Relating to players is one of the biggest resume-builders in becoming an NBA head coach these days, and the news Wednesday of the Brooklyn Nets' hiring former-player Jason Kidd is another sign that the old-school head coach is disappearing.
Kidd will immediately bring credibility and a voice of leadership to his former co-workers, and the hire was rare among NBA coaches: Though many are former players acting as NBA head coaches, few take the fast track to head jobs like Kidd did this week; most spend several seasons as an assistant coach before getting their own team to run. None have done so within only a few weeks after their announced retirement, and Kidd is the only one who didn't find himself in a broadcasting career in between his two basketball gigs.
Let's take a look at other coaches who were able to skip rungs on the coaching ladder thanks to their longevity and leadership as players.
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Doc Rivers, Boston Celtics
The least-heralded player of this group, Rivers certainly has the most clout in his second basketball career by owning an NBA championship. The Celtics head coach played from 1983 to 1996 and worked a couple of years with TNT before jumping into the coaching world with the Orlando Magic in 1999. Rivers never had a losing season with the Magic, but was fired just 11 games into his final year with Orlando after a 1-10 start in 2004.
His unemployment didn't last long, as he was hired the next year by the Celtics. Boston went to the NBA Finals twice and won a championship in 2008 under Rivers.
According to NBA.com, his success as a player, turned broadcaster, turned head coach gave an idea to the employers of the next player-turned-coach on the list, Mark Jackson. Former Warriors owner Joe Lacob said Rivers' background was influential.
"I saw what Doc did, his background," Lacob told David Aldridge. "I saw you could come out of the broadcast booth if you had the NBA playing career, and be very successful. And I saw that the most important thing that Doc Rivers provided was leadership, and the guys were willing to follow him ... if you can't lead people, whether you're the CEO or the basketball coach, the Xs and Os and all the other stuff is important. But if you can't lead them, they're not going to follow you, anyway."
Like Kidd, the ability to speak and the ability to lead had a lot of weight in teams taking a risk on him despite his bench experience.
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Mark Jackson, Golden State Warriors
Current Golden State Warriors coach Mark Jackson is the most recent example of a successful coaching hire that had little bench experience. In his second season as a coach, Jackson turned a team from a 34.8 winning percentage to a more-than-legitimate playoff contender.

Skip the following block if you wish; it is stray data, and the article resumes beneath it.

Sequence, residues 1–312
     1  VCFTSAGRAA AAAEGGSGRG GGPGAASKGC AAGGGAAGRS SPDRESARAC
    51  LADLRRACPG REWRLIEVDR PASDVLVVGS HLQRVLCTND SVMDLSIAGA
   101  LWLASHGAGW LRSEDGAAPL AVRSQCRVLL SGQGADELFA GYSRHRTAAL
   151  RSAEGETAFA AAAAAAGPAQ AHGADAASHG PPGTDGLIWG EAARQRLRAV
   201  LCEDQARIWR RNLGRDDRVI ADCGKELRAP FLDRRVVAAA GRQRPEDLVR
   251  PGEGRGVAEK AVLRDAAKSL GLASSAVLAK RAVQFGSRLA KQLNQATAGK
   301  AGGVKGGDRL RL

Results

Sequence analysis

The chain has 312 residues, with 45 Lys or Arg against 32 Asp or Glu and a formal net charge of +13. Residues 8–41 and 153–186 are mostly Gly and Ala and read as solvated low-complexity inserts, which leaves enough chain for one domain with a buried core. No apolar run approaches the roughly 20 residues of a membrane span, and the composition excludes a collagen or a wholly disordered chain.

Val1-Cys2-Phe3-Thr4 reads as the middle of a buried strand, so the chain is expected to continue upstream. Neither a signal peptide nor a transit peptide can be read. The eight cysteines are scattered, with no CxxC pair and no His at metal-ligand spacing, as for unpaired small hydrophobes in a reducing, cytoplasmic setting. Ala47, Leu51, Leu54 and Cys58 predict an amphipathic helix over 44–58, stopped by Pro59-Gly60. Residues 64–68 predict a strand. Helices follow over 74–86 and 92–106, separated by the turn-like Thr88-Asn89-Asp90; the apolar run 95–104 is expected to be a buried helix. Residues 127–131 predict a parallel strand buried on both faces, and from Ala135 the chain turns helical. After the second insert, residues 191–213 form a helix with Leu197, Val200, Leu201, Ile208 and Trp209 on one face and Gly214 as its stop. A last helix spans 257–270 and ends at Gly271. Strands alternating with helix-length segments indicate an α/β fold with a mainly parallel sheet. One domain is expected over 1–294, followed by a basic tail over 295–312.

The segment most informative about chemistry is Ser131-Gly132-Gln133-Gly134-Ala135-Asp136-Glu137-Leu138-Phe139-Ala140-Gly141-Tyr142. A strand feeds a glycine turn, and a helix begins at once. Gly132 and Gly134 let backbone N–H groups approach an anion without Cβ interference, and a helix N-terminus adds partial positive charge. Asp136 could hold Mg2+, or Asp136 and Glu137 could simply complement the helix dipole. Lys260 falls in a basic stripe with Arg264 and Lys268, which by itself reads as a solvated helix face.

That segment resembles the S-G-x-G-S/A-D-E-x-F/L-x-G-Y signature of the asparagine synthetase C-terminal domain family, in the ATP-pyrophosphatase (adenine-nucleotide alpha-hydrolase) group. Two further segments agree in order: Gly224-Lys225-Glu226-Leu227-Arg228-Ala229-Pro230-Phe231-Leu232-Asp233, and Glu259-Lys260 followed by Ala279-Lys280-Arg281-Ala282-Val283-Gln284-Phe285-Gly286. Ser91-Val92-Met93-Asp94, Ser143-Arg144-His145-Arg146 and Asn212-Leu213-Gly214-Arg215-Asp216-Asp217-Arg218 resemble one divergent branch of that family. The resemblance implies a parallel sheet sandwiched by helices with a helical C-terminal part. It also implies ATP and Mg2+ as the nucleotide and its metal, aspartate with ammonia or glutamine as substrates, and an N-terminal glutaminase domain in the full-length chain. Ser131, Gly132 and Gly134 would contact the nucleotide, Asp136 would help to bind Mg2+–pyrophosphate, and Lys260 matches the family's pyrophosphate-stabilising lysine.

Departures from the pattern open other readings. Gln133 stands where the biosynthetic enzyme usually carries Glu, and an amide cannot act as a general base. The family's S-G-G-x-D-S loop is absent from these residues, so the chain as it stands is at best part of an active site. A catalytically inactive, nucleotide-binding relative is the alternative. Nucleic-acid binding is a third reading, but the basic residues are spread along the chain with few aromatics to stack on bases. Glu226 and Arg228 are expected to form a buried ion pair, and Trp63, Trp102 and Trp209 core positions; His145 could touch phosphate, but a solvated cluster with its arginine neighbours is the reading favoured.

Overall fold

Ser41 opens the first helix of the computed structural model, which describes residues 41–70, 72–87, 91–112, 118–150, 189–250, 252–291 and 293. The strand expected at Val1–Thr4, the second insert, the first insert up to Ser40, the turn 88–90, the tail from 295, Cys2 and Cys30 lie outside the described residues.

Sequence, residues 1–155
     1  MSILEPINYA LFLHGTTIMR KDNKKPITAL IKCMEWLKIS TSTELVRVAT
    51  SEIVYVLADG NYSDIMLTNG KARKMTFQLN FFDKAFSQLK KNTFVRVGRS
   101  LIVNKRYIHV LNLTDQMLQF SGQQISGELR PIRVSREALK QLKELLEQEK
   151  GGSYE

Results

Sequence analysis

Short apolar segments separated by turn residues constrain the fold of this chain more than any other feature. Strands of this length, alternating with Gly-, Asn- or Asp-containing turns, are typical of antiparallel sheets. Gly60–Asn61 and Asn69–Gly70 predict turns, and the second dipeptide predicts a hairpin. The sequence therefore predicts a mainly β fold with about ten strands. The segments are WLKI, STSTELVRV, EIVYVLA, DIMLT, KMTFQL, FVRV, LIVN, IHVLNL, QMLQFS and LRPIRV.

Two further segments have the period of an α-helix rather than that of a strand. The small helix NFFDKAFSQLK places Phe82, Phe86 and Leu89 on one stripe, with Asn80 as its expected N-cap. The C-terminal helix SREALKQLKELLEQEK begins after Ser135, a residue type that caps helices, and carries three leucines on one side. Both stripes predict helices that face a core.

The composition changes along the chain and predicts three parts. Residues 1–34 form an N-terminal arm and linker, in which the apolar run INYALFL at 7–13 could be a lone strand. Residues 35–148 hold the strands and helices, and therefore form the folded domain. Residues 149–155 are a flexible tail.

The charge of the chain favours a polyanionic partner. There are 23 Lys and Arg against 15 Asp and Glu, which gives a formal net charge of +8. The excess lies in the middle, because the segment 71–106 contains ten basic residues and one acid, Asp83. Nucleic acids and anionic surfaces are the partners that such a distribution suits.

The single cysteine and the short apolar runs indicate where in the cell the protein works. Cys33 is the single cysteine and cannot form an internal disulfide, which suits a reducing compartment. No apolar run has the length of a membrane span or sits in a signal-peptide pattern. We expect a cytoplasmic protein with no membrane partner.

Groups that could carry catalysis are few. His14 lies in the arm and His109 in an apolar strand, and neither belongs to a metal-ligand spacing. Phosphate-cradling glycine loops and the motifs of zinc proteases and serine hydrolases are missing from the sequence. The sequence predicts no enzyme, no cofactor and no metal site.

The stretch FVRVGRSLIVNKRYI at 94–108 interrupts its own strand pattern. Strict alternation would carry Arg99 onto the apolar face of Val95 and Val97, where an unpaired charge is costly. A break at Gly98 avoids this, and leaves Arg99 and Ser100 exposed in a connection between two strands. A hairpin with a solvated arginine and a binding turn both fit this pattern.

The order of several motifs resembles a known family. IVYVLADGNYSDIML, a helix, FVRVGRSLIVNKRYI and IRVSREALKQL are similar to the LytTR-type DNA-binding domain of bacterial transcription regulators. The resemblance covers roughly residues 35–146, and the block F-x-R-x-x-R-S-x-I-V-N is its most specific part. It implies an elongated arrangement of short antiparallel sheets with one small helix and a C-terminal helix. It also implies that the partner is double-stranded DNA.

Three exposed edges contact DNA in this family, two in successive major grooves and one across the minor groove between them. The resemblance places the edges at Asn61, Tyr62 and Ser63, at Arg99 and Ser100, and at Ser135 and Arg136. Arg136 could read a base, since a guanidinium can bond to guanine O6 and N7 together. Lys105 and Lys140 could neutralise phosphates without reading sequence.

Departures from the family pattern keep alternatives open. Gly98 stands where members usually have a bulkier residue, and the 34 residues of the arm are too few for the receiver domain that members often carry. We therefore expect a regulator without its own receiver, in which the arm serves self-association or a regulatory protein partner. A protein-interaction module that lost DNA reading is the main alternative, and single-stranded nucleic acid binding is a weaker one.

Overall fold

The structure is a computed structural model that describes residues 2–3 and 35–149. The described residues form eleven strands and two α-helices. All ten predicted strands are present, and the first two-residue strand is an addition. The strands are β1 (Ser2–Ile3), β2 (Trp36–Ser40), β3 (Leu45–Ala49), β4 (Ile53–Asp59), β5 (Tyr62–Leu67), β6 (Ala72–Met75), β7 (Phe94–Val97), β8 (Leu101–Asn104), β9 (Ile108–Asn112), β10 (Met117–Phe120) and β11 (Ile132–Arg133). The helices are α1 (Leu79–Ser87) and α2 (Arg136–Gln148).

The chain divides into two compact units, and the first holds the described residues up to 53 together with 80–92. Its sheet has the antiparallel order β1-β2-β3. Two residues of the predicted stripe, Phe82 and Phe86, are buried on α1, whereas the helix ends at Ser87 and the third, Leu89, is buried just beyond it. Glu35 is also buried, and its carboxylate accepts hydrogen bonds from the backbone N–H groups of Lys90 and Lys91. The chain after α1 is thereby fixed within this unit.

Like Kidd, Jackson had a lengthy NBA career and will end up in the Hall of Fame. He's third on the all-time assists list and just behind Kidd. He played from 1987 to 2004. Jackson worked in broadcasting with the YES Network in New York and for ABC before the Warriors hired him in 2011.
Ironically, Jackson's named surfaced in 2008 during a coaching search by his former team, the New York Knicks, but the team instead hired another player-turned-coach who happens to be a point guard -- current Lakers coach Mike D'Antoni.
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Mike D'Antoni, Los Angeles Lakers
D'Antoni may not have been a household name in the NBA, but he shares the same attributes of Kidd. As a successful point guard, D'Antoni had longevity. He played professionally in the United States and overseas from 1973 to 1990.
He was a talented leader who began his career with the Kansas City Kings, but he made a name for himself in Italy. He became Olimpia Milano's star point guard for 13 seasons, leading the club to two Euroleague titles.
Upon retiring in 1990, D'Antoni immediately became a head coach in the Italian league, where he'd remain for the next eight years. He spent the 1997-98 season as the Denver Nuggets' director of player personnel and also did work for TNT during that season. D'Antoni was a surprise hire by the Denver Nuggets in 1998, and though his first head-coaching gig in the NBA was short -- 50 games to be exact -- he would later prove his value with several successful seasons with the Phoenix Suns.
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Kevin McHale, Houston Rockets
While McHale didn't jump immediately into the head-coaching fray a la Kidd, he fitss the same mold as a Hall of Fame authority roaming the sidelines. McHale -- similarly to Jackson, Rivers and D'Antoni -- did broadcasting work for the Minnesota Timberwolves all while assuming a front office position.